• Once you have a general idea of where you would like to place containers, count up how many you would need because knowing your quantity, more or less, will keep you from running short of materials and having to take extra trips to the greenhouse.

The next bits of information you need are to know what the gardening conditions are like:

  • How many hours of sun exposure does each location have?
  • How much shade will those areas have?
  • How windy are those locations?

Foliage is really important in white containers.  Leaves of different textures, colors, and variegation add depth to white container plantings. Sometimes people are afraid to use variegated or bold foliage but leaf colors like black, bronze, lime, silver, and purple add an element of sophistication.  So don’t be afraid to use them.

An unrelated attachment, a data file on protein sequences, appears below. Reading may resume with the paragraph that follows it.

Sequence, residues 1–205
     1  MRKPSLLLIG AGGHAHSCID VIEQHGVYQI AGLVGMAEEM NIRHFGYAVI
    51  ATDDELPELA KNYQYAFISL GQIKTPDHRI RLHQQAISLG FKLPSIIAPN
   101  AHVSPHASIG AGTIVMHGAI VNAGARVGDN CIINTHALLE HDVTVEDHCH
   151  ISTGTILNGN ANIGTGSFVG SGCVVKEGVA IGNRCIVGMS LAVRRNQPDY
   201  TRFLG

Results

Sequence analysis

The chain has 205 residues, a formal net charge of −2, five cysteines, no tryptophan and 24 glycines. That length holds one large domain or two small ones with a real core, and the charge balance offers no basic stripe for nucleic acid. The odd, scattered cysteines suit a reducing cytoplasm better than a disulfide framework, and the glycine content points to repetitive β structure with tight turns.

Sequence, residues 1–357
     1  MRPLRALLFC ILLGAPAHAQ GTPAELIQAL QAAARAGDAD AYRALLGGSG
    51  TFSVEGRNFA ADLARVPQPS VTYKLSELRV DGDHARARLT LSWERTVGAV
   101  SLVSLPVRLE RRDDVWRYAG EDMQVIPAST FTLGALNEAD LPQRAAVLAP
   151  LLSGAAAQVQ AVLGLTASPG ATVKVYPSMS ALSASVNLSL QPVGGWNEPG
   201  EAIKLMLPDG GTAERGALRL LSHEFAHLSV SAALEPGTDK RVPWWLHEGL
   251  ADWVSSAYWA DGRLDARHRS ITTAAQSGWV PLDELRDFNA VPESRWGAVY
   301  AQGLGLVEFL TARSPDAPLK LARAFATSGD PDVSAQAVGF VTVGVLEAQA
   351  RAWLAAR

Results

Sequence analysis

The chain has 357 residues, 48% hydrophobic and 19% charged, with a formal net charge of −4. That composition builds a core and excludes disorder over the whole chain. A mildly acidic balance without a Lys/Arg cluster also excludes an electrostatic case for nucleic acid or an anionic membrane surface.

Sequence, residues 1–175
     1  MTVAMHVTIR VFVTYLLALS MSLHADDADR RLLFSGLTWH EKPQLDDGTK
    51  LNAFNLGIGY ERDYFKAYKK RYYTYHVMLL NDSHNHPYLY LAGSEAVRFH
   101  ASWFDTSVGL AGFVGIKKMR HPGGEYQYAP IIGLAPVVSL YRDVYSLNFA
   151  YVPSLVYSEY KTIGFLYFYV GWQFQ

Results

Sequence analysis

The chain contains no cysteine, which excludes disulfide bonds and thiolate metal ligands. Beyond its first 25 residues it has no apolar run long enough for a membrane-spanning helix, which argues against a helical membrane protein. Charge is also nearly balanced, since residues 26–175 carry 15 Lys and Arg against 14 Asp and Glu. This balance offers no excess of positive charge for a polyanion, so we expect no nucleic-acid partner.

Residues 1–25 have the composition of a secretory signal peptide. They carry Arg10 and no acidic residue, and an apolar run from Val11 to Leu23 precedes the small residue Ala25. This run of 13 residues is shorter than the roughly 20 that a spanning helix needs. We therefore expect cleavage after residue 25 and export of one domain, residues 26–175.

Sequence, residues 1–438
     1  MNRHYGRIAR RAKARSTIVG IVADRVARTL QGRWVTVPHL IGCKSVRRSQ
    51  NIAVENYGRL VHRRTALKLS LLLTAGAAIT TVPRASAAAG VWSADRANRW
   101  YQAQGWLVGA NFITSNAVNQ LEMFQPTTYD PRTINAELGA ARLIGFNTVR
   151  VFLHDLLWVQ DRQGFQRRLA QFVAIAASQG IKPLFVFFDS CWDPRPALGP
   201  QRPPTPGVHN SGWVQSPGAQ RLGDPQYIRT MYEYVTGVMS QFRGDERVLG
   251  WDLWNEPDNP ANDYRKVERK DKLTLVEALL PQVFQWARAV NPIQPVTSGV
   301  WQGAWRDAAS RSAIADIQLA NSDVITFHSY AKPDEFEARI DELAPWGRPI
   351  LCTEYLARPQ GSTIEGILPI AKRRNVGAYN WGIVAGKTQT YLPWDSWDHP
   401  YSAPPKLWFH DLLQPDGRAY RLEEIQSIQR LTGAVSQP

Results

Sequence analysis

Once you know the details on container placement, numbers and gardening requirements; take a peek at the chart below for ideas on white flowers and good foliage for containers.  This isn’t an exhaustive list, there is more to discover at our greenhouses.  Come and visit us in our sales greenhouse and any of our Wallish team members would be happy to walk you through to collect the perfect white flowers for your occasion.  Feel free to call us at 780-467-3091 or email us via our website with any questions you may have.

If you are having a wedding coming up, we wish you the very best and that your event is filled with laughter and joy!

Great White Flowers & Foliage for Wedding Containers
Hours of Sun or Shade Upright White Flowers Cascading White Flowers Foliage
Full Sun and Part Sun


Direct Sunshine exposure:

Full Sun: >8 hours

Part Sun:  6-8 hours


Baby’s Breath

Gerbera Daisy

Upright Geraniums




Shasta Daisies






Million Bells

Ivy Geraniums



Spanish Daisies

Trailing Verbena



Dusty Millar